Rounding in recreation demand models: a latent class count model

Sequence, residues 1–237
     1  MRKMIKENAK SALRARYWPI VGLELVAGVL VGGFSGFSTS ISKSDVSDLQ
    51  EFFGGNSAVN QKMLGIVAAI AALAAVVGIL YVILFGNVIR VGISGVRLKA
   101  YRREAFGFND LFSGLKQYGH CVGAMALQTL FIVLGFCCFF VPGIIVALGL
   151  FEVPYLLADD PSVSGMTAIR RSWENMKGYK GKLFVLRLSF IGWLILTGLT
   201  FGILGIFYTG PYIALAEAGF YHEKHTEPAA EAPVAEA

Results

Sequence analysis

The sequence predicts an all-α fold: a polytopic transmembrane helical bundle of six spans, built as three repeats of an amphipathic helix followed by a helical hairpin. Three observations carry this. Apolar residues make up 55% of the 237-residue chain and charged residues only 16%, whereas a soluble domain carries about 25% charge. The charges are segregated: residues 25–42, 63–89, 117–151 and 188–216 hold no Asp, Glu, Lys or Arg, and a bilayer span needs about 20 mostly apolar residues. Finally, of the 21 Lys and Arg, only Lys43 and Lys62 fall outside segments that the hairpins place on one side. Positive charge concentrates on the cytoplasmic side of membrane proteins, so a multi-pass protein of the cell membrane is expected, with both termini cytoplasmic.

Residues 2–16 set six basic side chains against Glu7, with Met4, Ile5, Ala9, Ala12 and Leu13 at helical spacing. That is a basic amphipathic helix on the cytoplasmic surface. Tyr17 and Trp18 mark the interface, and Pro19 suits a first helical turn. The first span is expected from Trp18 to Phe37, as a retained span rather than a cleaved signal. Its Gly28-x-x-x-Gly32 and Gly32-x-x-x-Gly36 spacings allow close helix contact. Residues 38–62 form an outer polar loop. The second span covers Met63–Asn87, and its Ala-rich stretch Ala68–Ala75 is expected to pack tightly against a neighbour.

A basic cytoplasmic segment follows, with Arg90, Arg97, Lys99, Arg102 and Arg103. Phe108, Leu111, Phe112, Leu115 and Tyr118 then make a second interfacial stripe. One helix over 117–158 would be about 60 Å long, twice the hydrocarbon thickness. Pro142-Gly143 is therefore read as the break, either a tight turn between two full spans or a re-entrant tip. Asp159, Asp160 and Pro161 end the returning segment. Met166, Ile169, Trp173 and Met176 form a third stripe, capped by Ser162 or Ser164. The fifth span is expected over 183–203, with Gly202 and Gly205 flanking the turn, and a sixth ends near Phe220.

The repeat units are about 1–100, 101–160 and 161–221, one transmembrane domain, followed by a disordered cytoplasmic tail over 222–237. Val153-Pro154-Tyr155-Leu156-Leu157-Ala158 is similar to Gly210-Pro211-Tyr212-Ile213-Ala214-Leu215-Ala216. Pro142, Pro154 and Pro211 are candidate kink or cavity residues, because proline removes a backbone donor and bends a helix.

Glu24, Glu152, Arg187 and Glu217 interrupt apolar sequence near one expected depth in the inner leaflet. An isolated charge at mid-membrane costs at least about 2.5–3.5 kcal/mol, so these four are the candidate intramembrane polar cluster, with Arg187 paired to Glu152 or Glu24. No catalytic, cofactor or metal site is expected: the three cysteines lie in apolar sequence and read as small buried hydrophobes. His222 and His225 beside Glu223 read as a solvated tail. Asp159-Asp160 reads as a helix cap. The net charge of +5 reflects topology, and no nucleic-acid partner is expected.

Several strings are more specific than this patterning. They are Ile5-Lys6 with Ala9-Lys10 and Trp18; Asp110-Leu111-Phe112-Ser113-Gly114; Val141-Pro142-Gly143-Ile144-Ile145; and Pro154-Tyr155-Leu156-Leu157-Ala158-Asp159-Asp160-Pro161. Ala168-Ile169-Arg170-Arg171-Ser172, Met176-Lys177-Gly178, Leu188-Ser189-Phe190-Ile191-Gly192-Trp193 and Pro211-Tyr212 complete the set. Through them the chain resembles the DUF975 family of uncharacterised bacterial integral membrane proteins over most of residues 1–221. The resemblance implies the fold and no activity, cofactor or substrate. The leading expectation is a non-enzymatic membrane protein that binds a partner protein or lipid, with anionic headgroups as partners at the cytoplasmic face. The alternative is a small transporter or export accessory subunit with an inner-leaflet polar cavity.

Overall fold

A commonly observed feature of visitation data, elicited via a survey instrument, is a greater propensity for individuals to report trip numbers that are multiples of 5's, relative to other possible integers (such as 3 or 6). One explanation of this phenomenon is that some survey respondents have difficulty recalling the exact number of trips taken and instead choose to round their responses. This paper examines the impact that rounding can have on the estimated demand for recreation and the bias that it may induce on subsequent welfare estimates. We propose the use of a latent class structure in which respondents are assumed to be members of either a nonrounding or a rounding class. A series of generated data experiments are provided to illustrate the range of possible impacts that ignoring rounding can have on the estimated parameters of the model and on the welfare implications from site closure. The results suggest that biases can be substantial, particularly when then unconditional mean number of trips is in the range from two to four. An illustrative application is provided using visitation data to Saylorville Lake in central Iowa.